Keeping your professional network contacts when you change jobs is always a challenge, and it is even more complicated now that most of us are networking through social media. Before the internet era, people had address books filled with their business contacts and they were able to use those contacts wherever they went. In fact, competitors would often try to woo executives, knowing that they would be bringing their contacts along with them. It was a key strategy for building business, and still is.
Now that most business contacts are stored online, it is easier than ever to connect with others and build a large group of professional contact. The problem with this is, do the contacts belong to you? In many cases, the answer is a resounding “No”. Many employees have been finding themselves in a situation where they have been encouraged by their employers to create social networking profiles, have spent time both at the office and at home connecting with others in their field and have cultivated a strong group of business contacts. When they leave the company, either by choice or not, the employer asks for the passwords to these accounts, claiming that they belong to the company. And, when the employee balks at this, they are directed to look at the corporate policy regarding intellectual property. There have even been cases where a departing employee has tried to sue the company for the accounts back, and have lost.
Don't let this happen to you. Even if you don't have plans to change employers, you never know if one day you are going to end up being let go without notice, and then having to start over from scratch, rebuilding your contacts. This can make your new job search much more difficult and also will make you start a new position from the ground up.
Here are 5 tips to help you keep your contacts:
Check you corporate policy- Each company has different policy regarding intellectual property, electronic communications and internet usage. Find out is your company considers anything you do, theirs. You may find that the policy is much stricter than you thought. In fact, some employers are trying to find legal ways to prevent staff from making lists of contacts in order to take with them if they leave. Even writing down phone numbers in a notebook could be violating this policy and could spell legal trouble for you if you were to leave. So get informed. You can also take a look at former coworkers, see what happened when they left, were they able to take their accounts with them? Is this the same for those who leave vs. those who were fired?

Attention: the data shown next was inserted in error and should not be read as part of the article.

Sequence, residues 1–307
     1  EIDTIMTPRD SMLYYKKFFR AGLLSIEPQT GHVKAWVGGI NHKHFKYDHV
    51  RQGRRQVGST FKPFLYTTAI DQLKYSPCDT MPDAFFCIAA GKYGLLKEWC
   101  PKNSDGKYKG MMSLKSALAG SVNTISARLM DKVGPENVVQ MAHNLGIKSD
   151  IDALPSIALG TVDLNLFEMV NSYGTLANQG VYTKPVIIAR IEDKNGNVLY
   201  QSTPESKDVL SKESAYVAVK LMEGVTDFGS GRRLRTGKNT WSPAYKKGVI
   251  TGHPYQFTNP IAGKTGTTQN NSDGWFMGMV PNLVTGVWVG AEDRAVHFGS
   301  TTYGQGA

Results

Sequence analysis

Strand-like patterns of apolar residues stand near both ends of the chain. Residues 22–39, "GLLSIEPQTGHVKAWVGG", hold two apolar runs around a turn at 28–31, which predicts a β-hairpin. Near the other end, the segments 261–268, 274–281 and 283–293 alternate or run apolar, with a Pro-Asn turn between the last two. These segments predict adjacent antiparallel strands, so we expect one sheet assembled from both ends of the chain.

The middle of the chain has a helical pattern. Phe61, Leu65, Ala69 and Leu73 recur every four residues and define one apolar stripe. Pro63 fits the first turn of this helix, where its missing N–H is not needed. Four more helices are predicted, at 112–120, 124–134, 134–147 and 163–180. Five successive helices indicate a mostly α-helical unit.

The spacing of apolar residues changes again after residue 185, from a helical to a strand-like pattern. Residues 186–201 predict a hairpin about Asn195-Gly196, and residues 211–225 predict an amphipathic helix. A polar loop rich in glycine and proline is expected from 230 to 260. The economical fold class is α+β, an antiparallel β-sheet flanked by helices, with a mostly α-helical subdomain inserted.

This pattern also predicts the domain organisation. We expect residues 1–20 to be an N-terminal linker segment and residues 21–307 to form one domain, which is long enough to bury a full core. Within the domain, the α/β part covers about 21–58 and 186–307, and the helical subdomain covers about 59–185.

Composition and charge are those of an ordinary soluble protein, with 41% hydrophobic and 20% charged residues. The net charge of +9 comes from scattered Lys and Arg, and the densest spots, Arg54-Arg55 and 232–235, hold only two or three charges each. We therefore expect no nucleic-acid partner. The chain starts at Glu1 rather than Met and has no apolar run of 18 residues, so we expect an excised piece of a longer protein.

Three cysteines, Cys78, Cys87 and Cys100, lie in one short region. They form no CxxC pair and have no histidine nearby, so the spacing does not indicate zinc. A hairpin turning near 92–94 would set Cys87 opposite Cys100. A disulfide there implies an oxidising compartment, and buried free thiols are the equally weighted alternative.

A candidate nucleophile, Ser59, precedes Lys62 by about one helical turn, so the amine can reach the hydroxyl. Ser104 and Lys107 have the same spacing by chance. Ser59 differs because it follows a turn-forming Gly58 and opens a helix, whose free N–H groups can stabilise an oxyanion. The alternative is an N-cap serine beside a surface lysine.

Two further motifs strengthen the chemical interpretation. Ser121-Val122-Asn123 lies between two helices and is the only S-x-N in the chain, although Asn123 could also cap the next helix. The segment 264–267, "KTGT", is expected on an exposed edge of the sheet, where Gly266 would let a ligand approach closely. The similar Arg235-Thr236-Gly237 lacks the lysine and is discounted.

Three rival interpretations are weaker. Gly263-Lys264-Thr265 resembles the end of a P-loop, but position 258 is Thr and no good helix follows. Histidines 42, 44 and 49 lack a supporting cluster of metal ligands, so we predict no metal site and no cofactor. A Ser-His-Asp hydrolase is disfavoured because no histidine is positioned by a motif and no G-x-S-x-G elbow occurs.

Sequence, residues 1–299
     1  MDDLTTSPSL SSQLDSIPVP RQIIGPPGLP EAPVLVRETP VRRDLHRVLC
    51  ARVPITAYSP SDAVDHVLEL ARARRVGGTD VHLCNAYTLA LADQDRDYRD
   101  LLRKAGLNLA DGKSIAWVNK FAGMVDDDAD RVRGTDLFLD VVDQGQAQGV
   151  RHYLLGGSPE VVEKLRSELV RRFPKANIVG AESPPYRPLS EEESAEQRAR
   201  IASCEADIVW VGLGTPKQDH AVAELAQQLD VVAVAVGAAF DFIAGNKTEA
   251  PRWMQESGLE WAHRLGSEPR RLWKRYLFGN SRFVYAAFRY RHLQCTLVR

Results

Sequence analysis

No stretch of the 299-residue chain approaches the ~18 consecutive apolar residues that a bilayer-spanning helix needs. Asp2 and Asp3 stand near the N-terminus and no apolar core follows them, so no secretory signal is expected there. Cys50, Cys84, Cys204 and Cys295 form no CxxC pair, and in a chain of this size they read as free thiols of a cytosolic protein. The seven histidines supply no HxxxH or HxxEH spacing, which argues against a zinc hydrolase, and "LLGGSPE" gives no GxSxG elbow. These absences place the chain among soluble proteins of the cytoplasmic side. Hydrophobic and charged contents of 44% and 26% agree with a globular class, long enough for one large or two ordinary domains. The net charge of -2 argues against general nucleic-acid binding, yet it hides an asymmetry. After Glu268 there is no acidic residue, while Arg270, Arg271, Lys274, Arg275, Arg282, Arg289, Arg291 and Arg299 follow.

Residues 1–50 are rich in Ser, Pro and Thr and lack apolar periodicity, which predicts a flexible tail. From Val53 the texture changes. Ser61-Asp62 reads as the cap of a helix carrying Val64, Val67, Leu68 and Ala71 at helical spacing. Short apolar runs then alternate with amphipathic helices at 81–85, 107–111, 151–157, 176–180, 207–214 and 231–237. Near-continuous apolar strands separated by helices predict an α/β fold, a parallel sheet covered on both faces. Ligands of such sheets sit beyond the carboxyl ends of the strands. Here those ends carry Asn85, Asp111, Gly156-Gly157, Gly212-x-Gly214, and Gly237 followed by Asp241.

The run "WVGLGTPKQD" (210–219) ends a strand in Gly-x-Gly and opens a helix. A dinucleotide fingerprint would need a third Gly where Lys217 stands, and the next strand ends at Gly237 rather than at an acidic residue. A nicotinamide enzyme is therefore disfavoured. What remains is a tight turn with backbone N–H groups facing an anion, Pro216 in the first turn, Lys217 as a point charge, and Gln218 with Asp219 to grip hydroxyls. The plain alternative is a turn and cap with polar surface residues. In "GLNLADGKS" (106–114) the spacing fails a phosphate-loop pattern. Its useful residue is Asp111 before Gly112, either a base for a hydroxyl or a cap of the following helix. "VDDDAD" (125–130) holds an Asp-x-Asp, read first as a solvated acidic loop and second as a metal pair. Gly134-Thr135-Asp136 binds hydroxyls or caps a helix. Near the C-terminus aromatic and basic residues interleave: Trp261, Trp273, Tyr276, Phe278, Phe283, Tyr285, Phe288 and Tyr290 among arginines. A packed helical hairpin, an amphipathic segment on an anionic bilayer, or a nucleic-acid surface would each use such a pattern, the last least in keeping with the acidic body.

Set up new profiles- This one is tricky, but it is a good idea to set up a personal profile on each networking site that you have a business profile. The tricky part is that you have to be sure to keep them entirely separate. You have to use an email address that is strictly for personal use. It may be a good idea to create a new email for just this use. Make it clear in your profiles that this is your personal account by not listing your employer in any way and never accessing it at work.
Facebook is always safe- Because Facebook isn't a business tool, even though many people use it as such, it is considered personal and doesn't belong to your company. Consider asking your most important contacts to add you on Facebook so that you can be sure that you won't lose their contact information. Many people have an account for business and another one for friends and family. If you do this, be sure to check your privacy settings, and no matter how tempted you may be, don't mix business with personal.
Keep your email separate- It is a good idea to have a personal email that you use for everything except business correspondence. This way, if you were to lose your work email account unexpectedly, you wouldn't lose the email addresses of your friends and family. Keep the employer provided email account just for work related matters, so that losing access to the account will have minimal impact.
Keep business cards- When a business contact gives you their business card, keep it in an address book or card case. If you need to, copy the information from the card into your work address book, but keep the card in your own personal card case. At home, you can use a Rolodex or other business card organizing system ensuring that you will continue to have access to them.
The bottom line is that it is a new world we are in, and data is easy for companies to claim as their own. You don't want to find yourself without a way to get in touch with your professional network. The saying “it's not what you know but who you know” can be very true. Don't let a lack of preparation leave you backed into a corner.
By Melissa Kennedy- Melissa is a 9 year blog veteran and a freelance writer, along with helping others find the job of their dreams, she enjoys computer geekery, raising a teenager, supporting her local library, writing about herself in the third person and working on her next novel.